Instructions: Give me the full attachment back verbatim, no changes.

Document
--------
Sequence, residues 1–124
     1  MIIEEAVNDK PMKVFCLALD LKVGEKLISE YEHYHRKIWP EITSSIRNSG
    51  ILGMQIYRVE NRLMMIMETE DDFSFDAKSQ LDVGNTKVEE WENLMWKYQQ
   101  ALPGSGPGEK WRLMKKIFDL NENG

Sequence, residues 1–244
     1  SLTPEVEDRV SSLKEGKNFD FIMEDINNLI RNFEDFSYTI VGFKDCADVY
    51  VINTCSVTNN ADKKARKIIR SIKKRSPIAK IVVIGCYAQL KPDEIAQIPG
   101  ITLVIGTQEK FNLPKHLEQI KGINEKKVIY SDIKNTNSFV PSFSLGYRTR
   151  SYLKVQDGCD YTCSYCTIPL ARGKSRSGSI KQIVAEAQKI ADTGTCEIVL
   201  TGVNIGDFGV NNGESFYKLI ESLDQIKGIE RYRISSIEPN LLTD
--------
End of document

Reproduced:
Sequence, residues 1–124
     1  MIIEEAVNDK PMKVFCLALD LKVGEKLISE YEHYHRKIWP EITSSIRNSG
    51  ILGMQIYRVE NRLMMIMETE DDFSFDAKSQ LDVGNTKVEE WENLMWKYQQ
   101  ALPGSGPGEK WRLMKKIFDL NENG

Sequence, residues 1–244
     1  SLTPEVEDRV SSLKEGKNFD FIMEDINNLI RNFEDFSYTI VGFKDCADVY
    51  VINTCSVTNN ADKKARKIIR SIKKRSPIAK IVVIGCYAQL KPDEIAQIPG
   101  ITLVIGTQEK FNLPKHLEQI KGINEKKVIY SDIKNTNSFV PSFSLGYRTR
   151  SYLKVQDGCD YTCSYCTIPL ARGKSRSGSI KQIVAEAQKI ADTGTCEIVL
   201  TGVNIGDFGV NNGESFYKLI ESLDQIKGIE RYRISSIEPN LLTD